dontravis.com blog post #554
Image courtesy of dreamstime.com
This week, we start a different kind of journey. Hope you’ll stick with me for it. Here goes.
I TOOK A ROAD AND CHANCED UPON A FAIRY
I often trekked to Stockcroft to trade my wares and had done so since before my parents became Blessed Angels in the Good Lord’s heaven. My ma had always insisted I take the main road ’stead of the path through the wood. Being a lad, and later a young man, I was often tempted to defy her instructions, but she always mumbled and made the sign of the cross when she gave these instructions, so I curbed my curiosity and went to the village by way of the cobble-stoned roadway. There were usually others afoot on the highway, so the walk—though long—was often pleasant. My wood carvings usually excited conversations, and often I made my first and possibly second sale long ere reaching Stockcroft.
Two of my creations, I held to myself, generally out of sight of my dam and sire. But, alas, they were no longer in the cottage, so I boldly exhibited the carvings on the mantlepiece these days. One was an image of a fetching youth passing into manhood, with a cute nose, brown eyes, smiling lips, and curly locks falling over his smooth forehead. Somehow his narrow waist and slightly flaring hips drew my fingers to them, as did the slight bulge at the groin. I’d immediately snatch my hand away and look to see if I’d been caught out. But there was no one to scold me these days.
The other piece sharing the mantlepiece with the youth was a fair young maiden of similar years. Her nose was likewise pert, but her eyes were stained blue, and her hair draped her shoulders and rested upon a pleasing bosom. Just as often, my guilty fingers would touch that full breast and explore her broad, inviting hips.
Nary a six-month had passed ere my dam’s warnings about this or that or the other began to fade, along with her proscription of the forest track. So one day, I forgot her warnings and found myself on the way to Stockcroft via the forbidden trace. It was not long before I rued my choice. The trees closed in upon me before I accomplished a quarter of a league of my trek. My steps faltered, yet I placed one foot in front of the other upon spotting what appeared to be a sun-drenched clearing ahead.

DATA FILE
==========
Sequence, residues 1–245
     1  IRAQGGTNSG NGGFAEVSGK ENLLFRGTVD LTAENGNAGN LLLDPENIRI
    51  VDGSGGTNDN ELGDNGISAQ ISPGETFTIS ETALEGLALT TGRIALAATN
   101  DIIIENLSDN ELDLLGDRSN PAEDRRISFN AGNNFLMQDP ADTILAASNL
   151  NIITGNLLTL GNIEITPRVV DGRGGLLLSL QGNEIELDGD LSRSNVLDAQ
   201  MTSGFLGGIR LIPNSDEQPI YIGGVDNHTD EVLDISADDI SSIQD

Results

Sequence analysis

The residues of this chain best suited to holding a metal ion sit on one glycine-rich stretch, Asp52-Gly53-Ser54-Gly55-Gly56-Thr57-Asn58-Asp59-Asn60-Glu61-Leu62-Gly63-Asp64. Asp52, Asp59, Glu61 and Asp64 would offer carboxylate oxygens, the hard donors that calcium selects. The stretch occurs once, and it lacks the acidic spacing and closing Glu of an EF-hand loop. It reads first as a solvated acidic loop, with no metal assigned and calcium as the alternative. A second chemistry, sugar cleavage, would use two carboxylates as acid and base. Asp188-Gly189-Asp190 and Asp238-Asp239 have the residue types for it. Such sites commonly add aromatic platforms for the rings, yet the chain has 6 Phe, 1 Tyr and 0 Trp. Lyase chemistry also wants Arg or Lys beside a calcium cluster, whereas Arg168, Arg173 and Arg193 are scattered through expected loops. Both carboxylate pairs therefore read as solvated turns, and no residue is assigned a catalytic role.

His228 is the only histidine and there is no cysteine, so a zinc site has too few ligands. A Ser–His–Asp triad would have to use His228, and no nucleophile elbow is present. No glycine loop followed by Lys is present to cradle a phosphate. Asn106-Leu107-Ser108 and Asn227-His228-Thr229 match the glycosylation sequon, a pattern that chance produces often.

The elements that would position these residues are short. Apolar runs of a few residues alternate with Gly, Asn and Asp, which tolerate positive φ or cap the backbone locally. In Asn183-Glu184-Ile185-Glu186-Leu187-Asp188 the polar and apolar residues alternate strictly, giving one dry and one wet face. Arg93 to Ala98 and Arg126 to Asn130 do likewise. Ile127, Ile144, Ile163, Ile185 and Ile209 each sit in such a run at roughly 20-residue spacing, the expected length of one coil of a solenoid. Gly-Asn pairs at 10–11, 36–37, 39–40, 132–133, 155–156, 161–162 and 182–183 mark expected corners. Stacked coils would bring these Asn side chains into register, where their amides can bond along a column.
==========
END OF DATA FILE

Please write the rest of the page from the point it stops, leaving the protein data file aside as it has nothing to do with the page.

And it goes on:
My steps faltered as I discerned a figure in the midst of the clearing, but curiosity drew me onward until I saw it was a fairy. She was fair and fully as tall as I, yet there was no doubt in my mind she was a fairy. Lo, she was the embodiment of my figurine, right down to golden hair and eyes as blue as the sky.
As I drew near, her luscious, pouty lips broke into a smile and she spoke, her voice a clear crystal bell. “For the price of a song, I’ll grant you a wish.”
“I know not what to wish for.”
“Aye I’m sure you’ll think of something.”
“What sort of song?”
“Whatever your heart desires.”
The church gospel I’d been mulling suddenly no longer seemed appropriate, so I chose a sea ditty, cleaning up the words somewhat. Although I’m no music hall tenor, I can carry a tune. When I finished, she clapped her hands and laughed.
“Wonderful. And now what would you like?”
I am certain I blushed at my answer. “You”
“And have me, you shall.”
The fairy was as good as her word, and I arrived late at Stockcroft on uncertain legs. And even though I plopped on the church steps unable to muster the energy to move, I sold all my carvings and caught a wagon ride home with a neighbor who lived a league beyond my cottage